Rebecca is the mother of three adorable boys and is fortunate to be married to her best friend. They live in northern New Jersey and try not to freeze too badly during the winter months.

She’s in love with science fiction, fantasy, and the paranormal and tries to use all of these elements in her writing. She’s been told she’s a little bloodthirsty so she hopes that when you read her work you’ll enjoy the action packed ride that always ends in romance. Rebecca loves to write series because she loves to see characters develop over time and it always makes her happy to see her favorite characters make guest appearances in other books.

In Rebecca Royce’s world anything is possible, anything can happen, and you should suspect that it will.

Thirteen Proverbs About Patience


Writers spend a lot of time waiting for decisions from editors, agents, publishers. Hurry up and wait. I’m not very good at waiting. Just saying, but patience or impatience makes a good topic for a Thursday Thirteen.

Thirteen Proverbs About Patience

1. Patience is a virtue.

2. Patience is the knot which secures the seam of victory.

3. A little impatience will spoil great plans.

4. Patient men win the day.

5. He who would climb the ladder must begin at the bottom.

6. The string of a man’s sack of patience is generally tied with a slip knot.

7. Long looked for comes last.

8. Patience is a plaster for all sores.

9. Nature, time and patience are the three great physicians.

10. Patience is a flower that grows not in every one’s garden.

11. We must learn to walk before we can run.

12. All things are difficult before they are easy.

13. An oak is not felled at one stroke.

Source: The Penguin Dictionary of Proverbs by Rosalind Fergusson.

Are you a patient person?

ANZAC Biscuits: A Taste of Kiwi

New Zealanders and Australians celebrated ANZAC day today – the day where we remember our fallen soldiers, and in particular, the soldiers who lost their lives at Gallipoli during World War One.

At this time of the year I like to bake a batch of ANZAC biscuits. It’s said that mothers and wives baked these biscuits and sent them overseas to soldiers during the war.

ANZAC Biscuits

ANZAC Biscuits

1 cup rolled oats (oatmeal)

1 cup flour

1 cup sugar

1 cup coconut

1/4 1b /4 oz/1 stick butter

1 tablespoon golden syrup

2 tablespoons hot water

1 teaspoon baking soda

Place all dry ingredients in a bowl. Dissolve the baking soda in the hot water and add to the dry ingredients. Melt the butter and golden syrup together and add to the bowl of dry ingredients. Mix well. Roll into small balls, flatten with hand and place on a tray. Bake until golden in a medium oven. About 10 – 15 minutes at 180C / 350 F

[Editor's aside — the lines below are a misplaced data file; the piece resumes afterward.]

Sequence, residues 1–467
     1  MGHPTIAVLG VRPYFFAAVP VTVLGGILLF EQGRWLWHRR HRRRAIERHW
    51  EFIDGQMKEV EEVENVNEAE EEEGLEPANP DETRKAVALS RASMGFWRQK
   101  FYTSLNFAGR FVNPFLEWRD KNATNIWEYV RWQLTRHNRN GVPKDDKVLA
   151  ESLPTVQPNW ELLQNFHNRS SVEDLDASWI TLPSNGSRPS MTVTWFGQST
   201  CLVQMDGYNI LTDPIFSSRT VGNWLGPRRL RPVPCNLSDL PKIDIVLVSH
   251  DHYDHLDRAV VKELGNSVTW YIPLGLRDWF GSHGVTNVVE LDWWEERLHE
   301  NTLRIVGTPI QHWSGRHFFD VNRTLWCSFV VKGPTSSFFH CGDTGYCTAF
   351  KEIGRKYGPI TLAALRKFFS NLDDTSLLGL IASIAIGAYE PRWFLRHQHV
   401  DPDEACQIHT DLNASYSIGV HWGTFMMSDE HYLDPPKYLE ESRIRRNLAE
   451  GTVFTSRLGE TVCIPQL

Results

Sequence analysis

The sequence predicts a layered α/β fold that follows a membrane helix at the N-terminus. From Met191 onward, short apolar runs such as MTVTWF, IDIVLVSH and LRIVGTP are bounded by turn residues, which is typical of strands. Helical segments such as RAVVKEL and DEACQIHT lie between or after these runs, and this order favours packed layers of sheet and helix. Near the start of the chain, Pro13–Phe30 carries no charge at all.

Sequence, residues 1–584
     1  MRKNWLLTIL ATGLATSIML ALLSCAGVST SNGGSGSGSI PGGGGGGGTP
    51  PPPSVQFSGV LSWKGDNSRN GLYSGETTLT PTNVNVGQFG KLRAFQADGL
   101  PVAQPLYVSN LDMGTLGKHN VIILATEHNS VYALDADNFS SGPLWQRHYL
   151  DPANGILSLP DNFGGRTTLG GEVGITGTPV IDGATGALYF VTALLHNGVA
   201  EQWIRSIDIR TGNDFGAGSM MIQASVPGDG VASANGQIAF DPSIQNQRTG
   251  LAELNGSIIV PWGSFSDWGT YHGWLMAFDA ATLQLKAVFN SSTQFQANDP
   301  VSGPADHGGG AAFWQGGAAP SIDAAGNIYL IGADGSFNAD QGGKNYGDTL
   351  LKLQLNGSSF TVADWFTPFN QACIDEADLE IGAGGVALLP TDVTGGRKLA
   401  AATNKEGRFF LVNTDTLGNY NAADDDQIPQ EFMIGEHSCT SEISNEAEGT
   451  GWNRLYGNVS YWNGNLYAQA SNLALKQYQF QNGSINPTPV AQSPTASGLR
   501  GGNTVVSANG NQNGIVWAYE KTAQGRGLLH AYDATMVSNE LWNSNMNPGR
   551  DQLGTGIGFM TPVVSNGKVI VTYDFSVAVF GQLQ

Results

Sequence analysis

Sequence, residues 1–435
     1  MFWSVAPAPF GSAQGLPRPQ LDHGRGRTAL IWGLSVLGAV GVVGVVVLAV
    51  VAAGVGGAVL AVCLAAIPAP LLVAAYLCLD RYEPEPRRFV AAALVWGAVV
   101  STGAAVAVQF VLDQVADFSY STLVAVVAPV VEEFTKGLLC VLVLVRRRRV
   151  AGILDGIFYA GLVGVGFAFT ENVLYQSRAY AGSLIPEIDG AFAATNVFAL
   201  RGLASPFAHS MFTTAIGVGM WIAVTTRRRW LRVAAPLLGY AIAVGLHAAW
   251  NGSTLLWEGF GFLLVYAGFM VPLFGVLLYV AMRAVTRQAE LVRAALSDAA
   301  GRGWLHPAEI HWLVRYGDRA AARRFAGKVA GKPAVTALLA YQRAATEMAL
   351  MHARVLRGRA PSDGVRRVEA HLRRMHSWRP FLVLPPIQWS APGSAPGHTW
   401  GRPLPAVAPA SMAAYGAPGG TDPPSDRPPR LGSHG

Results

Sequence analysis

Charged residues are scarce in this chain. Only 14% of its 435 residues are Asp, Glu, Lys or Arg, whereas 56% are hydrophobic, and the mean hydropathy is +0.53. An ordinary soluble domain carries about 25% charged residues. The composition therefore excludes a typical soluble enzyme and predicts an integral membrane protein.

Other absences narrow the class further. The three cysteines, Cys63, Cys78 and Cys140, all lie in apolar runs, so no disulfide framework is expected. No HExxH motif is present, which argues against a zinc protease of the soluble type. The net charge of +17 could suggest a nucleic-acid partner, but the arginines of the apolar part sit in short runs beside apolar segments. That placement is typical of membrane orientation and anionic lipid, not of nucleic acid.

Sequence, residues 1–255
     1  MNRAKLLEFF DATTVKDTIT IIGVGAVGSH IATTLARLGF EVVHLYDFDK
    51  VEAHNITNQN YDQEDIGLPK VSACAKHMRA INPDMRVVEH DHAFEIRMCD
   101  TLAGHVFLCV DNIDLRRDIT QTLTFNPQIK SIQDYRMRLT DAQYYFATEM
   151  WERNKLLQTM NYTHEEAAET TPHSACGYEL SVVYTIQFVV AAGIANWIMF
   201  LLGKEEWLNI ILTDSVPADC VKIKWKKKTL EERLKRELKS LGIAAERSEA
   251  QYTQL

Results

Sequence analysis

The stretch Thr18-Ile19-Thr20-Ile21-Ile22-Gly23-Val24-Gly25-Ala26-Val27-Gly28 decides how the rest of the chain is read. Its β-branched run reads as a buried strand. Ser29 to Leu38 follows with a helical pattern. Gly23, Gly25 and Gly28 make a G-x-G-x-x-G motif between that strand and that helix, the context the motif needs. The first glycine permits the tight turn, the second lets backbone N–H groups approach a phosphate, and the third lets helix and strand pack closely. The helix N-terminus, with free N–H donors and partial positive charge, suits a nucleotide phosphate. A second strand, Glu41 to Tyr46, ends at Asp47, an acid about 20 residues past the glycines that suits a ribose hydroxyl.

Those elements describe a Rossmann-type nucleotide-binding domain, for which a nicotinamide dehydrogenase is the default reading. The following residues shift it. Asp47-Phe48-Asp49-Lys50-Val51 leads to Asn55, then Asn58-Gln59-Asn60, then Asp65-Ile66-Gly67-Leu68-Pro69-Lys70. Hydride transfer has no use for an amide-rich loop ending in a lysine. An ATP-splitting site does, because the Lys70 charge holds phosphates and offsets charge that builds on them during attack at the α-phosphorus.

Shelley’s Notes:

1. I added a new dried cranberries and some sunflower seeds to my biscuits for a modern twist.

2. The biscuits will be quite soft when they come out of the oven. Let them cool a little on the tray before removing them.

The Story of the Wedding Dress

Bouquet and bride

The white wedding dress made with silk and lace is a twentieth century tradition, and the cynical among us might say that those who work in the wedding industry have embraced the elaborate white gown for commercial reasons.

In past centuries, couples would wear their best clothes to their wedding, which meant they wore colors other than white. In fact sometimes it was difficult to discern the bride and groom among the crowd of well wishers.

Here is a traditional rhyme that tells us the significance of the color of the bride’s dress:

Married in white, you have chosen all right

Married in grey, you will go far away

Married in black, you will wish yourself back

Married in red, you’d be better dead

Married in green, ashamed to be seen

Married in blue, you’ll always be true

Married in pearl, you’ll live in a whirl

Married in yellow, ashamed of the fellow

Married in brown, you’ll live out of town

Married in pink, your spirits will sink.

There are also several superstitions associated with wedding dresses. Most of us are probably aware of the one in which it’s said to be unlucky for the groom to see the bride in her dress before the wedding. It’s also said to be bad luck for the bride to make her own dress.

Sometimes brides of the past didn’t wear a dress but married in their chemises or shifts. This meant the bride came to the wedding with nothing, and more importantly to the groom, he didn’t acquire responsibility for the bride’s debts.

The above rhyme made me laugh because my dress was pink. Smile

What color was your wedding dress? Or if you’re single at present, what color would you like?

Source: Discovering the Folklore and Traditions of Marriage by George Monger

Thirteen Fad Diets to Try – or Not!


A few nights ago one of the news items on television was about the new tube diet that is sweeping America. It sounded pretty gross to me, but it did give me an idea for this weeks Thursday Thirteen.

Thirteen Fad Diets

1. Grapefruit diet – a low-carb diet featuring grapefruit/grapefruit juice with every meal.

2. Cabbage Soup diet – a lot of cabbage soup is consumed.

3. Beverly Hills diet – based on a theory that the body needs the enzymes found in certain foods in order to digest food properly.

4. Atkins diet – this is a very popular diet plan. It’s based  on the theory that when we reduce our intake of carbohydrates our body must seek another source of energy and will burn fat.